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ning ; settling ever and anon upon my When I awokė it was dark. I fele shoulders as if they weighed ten somewhat light-headed and confused, hundred tons; and after one terrible from the dreadful scene I had passed flash, in which the two balls seemed through. All hands were now called, to join in one, I sunk away without and a folemn oath was taken by all pain, like one falling to sleep. present, not to tell any thing that
What followed after I was turned had happened until they should know off you know, as I was informed you that I was safe out of the country; kindly aslifted my other friends in and then not to discover the doctor, taking the body down as soon as you his friend, or apprentice. I was then were permitted, and conveying it as put on shore, and weot from thence cross the falt. works to the small boat: on board the vessel which brought me I was from thence carried on board here.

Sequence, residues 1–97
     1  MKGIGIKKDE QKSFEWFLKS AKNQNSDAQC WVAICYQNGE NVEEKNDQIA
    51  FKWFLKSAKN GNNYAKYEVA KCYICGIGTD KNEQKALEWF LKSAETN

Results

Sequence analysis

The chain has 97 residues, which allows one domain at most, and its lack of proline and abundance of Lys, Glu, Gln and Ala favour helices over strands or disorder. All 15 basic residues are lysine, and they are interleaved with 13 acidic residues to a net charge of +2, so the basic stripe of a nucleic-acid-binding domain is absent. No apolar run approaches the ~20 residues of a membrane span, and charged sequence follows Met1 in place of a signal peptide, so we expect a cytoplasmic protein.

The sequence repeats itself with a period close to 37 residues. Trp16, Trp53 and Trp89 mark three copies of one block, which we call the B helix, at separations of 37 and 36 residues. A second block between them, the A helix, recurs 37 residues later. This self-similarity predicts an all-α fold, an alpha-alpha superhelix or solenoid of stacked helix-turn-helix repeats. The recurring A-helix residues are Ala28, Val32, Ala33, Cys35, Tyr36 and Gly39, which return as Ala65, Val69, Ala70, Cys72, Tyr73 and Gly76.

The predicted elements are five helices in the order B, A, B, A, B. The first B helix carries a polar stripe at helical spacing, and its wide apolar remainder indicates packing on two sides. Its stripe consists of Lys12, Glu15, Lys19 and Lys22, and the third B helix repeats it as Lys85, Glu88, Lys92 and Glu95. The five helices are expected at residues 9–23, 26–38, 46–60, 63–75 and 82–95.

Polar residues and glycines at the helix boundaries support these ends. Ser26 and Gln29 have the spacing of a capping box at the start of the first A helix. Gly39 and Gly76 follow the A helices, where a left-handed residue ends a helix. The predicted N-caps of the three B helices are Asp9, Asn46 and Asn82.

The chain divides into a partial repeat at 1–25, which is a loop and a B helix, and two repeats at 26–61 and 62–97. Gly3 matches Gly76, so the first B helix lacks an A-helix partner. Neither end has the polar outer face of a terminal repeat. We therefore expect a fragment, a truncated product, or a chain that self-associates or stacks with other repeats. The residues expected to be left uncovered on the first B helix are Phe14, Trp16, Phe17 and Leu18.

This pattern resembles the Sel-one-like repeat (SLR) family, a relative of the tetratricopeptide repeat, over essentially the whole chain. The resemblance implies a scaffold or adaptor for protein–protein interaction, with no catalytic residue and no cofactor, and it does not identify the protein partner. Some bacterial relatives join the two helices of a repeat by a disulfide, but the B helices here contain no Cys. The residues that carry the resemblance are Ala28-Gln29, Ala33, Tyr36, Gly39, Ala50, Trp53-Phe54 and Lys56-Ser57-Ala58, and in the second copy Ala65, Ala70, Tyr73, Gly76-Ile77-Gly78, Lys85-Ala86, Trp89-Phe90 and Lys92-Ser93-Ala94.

the two-mait boat to the doctor, to I am engaged to go to Gottenburgh, · all appearance dead; for O'Donnel, in Sweden ; and shall fail to-morrow who was directed by the doctor to in a ship which is coming down the cut and loosen my clothes and rub river from Philadelphia. I shall take me, throwing water on me, could per- my family name, and return to my ceive no life in me, but told the doc- parents, a Prodigal Son indeed. God tor it was too late. But the doctor grant, as I have severely eaten husks was not discouraged ; and in one that I may soon eat bread in my earthhour and eventy-two minutes after I ly' parent's houfe ; and be prepared was brought on board the boat, ma- for such bread as the Saints in glory king two hours and forty three mi. love, and such as Angels eat, in that nutes after I was turned off, he per- house which is not made with hands, ceived signs of life in me, by a small eternal in the Heavens. motion and warmth in my bosom : in IF O‘Donnel is gone from Boston, twenty minutes after I gave a violent which, upon recollecting, I have readeep groan. Here defcription fails! son to fear, you will please to copy I cannot describe the intolerable a fuch parts of this letter as are new to gony of that monicnt. Ten thousand the doctor, and inclose them in a co. Itranglings are triling to it! The frít . ver, directed to Mr Samuel Woods, confused thoughts I had, were, that of Concord, to be leit until called for : it was the moment of my diffolution; And leave the letter : Mr ....... for I had no knowledge of my re- Apothecary, in the street, which moval from the gallows, but was quite is what O'Donnell is to do if in town. insenlble from the time I first lost Pray do not forget to do this puncmyself, to that in which I recovered tually; and inform the doctor that the except some faiat glimmerings of a numbness in the place he mentioned scene, which, faint and confused as went off the third day all at once, af. they were, I shall never forget, but ter a violent burning, as if a thouwhich as I feel impressed upon my heart fand pins were stuck in me. Pray be